Small Farms, Big Voices
With celebration aside, Evers said the conundrum of legalization is in the burden of regulations and inflated fees – barriers for many on entering the new emerging industry.
“We are aware larger forces are at work – big ‘marijuana’ capitalizing on this plant,” he continued. “If they are to be successful, they could put small farmers like us out of business. When you consider the rich culture of the many thousands of small farmers growing amazing cannabis in small batches here in California, and particularly in the hills of the Emerald Triangle, it is painfully obvious there is a lot at stake.”
With the future of many small farmers in California on the line, Evers said he and Jenn are honored to be included in Willie’s brand.
“Besides being a legendary musician, he has been such an inspiration – having been an ambassador for this sacred plant and all small farmers, for so long – he truly is an icon for our industry,” Evers surmised. “We are aligned with Willie in our values, and we are proud to say he is doing what we believe is the right thing by working with small, organic and sustainable, heritage cannabis farmers.”

Willie Eats His Weed
Community and family mean a great deal to Willie. Though his personal community and extended family are global, he chooses to live in rural regions, including a family farm in Abbott, Texas; and a home in Hawaii, where sons, Micah and Lucas, grew up – albeit, when they weren’t on the road again with dad.
Willie’s wife, Annie, hails from Humboldt County in Northern California, though the two met in 1986 while she was an A-List hair and make-up artist on set during the filming of “Stagecoach” – where she sided with Willie when producers asked to cut off his braids. They were married in 1991, with his trademark braids still intact to this day.
Annie has spearheaded the edibles faction of the brand, helping to create “Annie’s Edibles,” a line of chocolates and hard candies.
It took whiskey-loving Willie years to give up the spirits and partake of the herb, with edibles historically a sore spot after a few bad trips years ago. Specifically, after eating a bunch of cookies he knew were laced with activated THC, then realizing he overdid it, “… I was laying there, and it felt like the flesh was falling off my bones,” he commiserated with New York Times columnist, Maureen Down, after her equally bad trip in Denver involving a chocolate bar.
“It’d take years before I’d understand the beneficial properties,” he explained. “As I moved closer to the Woodstock Nation, as I bore witness to their music-loving, life-loving, peace loving ways, I saw the key role played by pot. Pot was a communal experience. Unlike cigarettes, you didn’t smoke a joint alone. You shared it. You passed it around. Pot was a plant, a natural substance whose positive uses, I would soon learn, were varied.”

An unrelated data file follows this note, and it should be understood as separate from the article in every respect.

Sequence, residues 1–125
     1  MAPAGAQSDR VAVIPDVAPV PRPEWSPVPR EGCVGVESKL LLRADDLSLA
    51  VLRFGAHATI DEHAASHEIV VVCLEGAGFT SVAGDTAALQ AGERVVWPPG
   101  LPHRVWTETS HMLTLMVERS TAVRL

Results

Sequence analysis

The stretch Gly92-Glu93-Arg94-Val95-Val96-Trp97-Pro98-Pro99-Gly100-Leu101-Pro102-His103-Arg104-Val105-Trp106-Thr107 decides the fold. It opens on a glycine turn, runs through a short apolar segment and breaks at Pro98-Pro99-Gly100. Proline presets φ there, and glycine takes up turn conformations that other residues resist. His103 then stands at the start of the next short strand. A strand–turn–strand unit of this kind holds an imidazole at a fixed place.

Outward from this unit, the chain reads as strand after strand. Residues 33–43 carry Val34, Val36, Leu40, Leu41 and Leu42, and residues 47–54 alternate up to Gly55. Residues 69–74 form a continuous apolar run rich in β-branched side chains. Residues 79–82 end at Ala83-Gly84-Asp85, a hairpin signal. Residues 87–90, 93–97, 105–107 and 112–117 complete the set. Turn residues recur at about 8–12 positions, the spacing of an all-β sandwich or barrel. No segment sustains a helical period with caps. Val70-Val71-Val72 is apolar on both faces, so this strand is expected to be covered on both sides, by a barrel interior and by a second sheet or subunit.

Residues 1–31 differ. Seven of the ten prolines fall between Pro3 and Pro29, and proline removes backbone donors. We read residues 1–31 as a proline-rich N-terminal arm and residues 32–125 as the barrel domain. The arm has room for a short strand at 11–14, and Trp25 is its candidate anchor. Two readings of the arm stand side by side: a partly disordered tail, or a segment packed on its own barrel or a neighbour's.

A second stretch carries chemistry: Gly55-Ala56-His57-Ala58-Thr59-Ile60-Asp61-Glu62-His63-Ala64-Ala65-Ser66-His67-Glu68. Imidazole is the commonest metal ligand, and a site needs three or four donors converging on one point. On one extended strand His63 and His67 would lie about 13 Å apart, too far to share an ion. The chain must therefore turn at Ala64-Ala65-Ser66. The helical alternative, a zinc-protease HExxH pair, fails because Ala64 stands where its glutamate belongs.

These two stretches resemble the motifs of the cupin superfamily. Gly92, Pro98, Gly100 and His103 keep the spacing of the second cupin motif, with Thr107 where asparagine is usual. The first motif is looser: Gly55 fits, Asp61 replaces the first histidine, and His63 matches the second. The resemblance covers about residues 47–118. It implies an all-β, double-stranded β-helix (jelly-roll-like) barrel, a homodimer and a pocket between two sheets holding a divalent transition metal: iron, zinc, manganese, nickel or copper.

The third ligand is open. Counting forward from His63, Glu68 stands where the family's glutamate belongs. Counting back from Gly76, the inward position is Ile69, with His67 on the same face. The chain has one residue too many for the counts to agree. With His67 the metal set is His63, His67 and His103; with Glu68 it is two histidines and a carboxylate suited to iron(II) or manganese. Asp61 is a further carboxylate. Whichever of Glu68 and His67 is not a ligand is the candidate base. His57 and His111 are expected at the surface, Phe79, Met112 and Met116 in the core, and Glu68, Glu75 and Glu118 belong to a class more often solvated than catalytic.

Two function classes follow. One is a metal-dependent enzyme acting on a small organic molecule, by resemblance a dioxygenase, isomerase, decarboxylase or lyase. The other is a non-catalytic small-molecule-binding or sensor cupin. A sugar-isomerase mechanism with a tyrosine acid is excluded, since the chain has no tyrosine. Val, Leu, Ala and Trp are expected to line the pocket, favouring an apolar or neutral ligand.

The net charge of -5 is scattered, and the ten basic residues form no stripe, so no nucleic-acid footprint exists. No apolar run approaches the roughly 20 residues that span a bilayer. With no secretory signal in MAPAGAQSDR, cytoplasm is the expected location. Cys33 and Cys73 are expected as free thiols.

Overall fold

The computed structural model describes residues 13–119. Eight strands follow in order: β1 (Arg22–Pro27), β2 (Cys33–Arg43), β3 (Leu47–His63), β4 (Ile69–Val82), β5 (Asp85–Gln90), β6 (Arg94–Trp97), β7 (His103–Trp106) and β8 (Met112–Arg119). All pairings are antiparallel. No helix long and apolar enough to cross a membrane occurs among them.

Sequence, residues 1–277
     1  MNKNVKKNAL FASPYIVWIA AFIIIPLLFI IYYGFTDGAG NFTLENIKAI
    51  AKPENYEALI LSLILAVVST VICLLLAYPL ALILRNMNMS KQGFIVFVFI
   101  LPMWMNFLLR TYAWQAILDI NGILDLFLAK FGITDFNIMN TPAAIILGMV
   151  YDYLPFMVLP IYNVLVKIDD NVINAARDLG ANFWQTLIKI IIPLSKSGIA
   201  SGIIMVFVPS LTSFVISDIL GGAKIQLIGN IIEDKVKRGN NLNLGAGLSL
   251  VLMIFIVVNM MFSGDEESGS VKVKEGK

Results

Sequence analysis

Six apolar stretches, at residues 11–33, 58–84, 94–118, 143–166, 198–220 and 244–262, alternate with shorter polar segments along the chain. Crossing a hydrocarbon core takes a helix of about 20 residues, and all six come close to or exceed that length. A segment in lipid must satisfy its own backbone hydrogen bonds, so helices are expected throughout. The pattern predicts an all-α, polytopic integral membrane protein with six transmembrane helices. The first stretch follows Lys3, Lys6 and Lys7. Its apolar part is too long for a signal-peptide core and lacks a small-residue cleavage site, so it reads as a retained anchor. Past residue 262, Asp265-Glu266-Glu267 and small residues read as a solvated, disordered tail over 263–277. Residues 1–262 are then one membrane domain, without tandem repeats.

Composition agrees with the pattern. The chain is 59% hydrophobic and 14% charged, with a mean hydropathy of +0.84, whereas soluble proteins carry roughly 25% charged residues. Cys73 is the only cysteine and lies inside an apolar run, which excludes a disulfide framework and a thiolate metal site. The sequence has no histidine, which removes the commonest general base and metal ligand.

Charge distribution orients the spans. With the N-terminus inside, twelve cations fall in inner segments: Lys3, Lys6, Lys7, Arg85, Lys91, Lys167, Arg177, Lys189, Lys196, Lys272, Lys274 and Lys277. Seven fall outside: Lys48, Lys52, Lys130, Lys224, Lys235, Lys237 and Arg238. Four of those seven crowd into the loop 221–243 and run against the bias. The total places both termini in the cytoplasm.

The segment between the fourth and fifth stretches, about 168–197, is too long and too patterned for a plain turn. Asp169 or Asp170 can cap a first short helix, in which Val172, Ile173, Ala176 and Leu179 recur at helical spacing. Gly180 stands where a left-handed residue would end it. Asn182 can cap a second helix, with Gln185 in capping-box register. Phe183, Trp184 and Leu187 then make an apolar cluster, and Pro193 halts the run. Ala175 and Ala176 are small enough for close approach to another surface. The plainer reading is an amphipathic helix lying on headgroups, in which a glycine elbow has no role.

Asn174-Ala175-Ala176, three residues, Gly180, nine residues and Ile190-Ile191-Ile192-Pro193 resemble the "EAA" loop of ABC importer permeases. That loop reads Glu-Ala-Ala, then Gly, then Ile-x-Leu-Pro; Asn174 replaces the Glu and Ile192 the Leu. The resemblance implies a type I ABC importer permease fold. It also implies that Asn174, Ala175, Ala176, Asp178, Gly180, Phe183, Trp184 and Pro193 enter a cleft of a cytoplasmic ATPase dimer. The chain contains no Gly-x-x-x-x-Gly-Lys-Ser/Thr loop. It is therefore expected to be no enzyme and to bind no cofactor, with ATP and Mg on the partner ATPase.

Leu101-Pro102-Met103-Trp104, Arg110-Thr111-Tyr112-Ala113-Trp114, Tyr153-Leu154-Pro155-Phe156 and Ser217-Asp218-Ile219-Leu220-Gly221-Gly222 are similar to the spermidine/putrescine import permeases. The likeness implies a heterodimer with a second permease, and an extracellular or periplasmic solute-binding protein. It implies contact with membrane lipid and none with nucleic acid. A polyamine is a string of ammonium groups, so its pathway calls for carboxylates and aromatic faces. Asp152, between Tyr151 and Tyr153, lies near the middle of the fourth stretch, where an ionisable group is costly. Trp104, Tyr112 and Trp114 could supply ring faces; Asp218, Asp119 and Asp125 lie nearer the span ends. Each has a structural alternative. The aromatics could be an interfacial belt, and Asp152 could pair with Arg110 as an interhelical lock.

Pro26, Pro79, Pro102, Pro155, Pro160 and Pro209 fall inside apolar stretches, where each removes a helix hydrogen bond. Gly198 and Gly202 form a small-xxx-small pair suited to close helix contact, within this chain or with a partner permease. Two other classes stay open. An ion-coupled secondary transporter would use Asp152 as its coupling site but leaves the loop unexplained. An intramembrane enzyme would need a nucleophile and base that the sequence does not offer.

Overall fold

Over time Willie was able to quit alcohol and cigarettes altogether, with his appreciation and understanding of the herb increasing. Unfortunately, the too-many-cookies experience kept him from ingesting edibles or tinctures for years. With the launch of the edible line, he was now ready to try it again with his wife’s infused candies.
“I’m a big fan of Annie’s Edibles,” he shared. “They are good for aches and pains, but mostly I use them for rest.”
Annie uses organic dark chocolate with Himalayan salt, consciously sourced, with a low-heat process to sustain the raw qualities of the cocoa. Whole plant extraction of stems, leaf and flower is used for the base, with each dose measured at 5 milligrams of activated THC (tetrahydrocannabinol).
“I make my infused chocolates for people who want to enjoy gourmet cannabis chocolate in a controllable way,” Annie shared. “It’s important that my chocolates are suitable for those with dietary restrictions – whether someone is vegan, has Celiac Disease or gluten allergies, requires a low or balanced sweetener diet, or if they have a low tolerance to cannabis, they can still enjoy the benefits of my infused chocolates.”

Zero Crap Policies
Annie is adamant the edibles be pure, stating she has a “zero crap policy.” Kind of like the way Willie has lived his life. After all, this is the man who allegedly snubbed his nose to the powers that be and smoked a joint on the roof of the White House. This is the man who began an entire movement in defense of the common man; the often faceless, silent providers of our food – our small farmers.
“We’ve come pretty damn far from the point where they’d put you in prison for life for a seed, to where we are now,” Willie surmised. “It’s a lot of progress.”
Legalization in California has brought stifling ordinances for our cannabis farmers, threatening a way of life few understand in the hills to the north. Thankfully, high-profile crooner, Willie Nelson, has stepped up; with his advocacy and his brand, Willie’s Reserve; a high-profile umbrella offering safety for a few farmers facing the approaching storm – the last men and women standing.

Emerald contributor since March 2012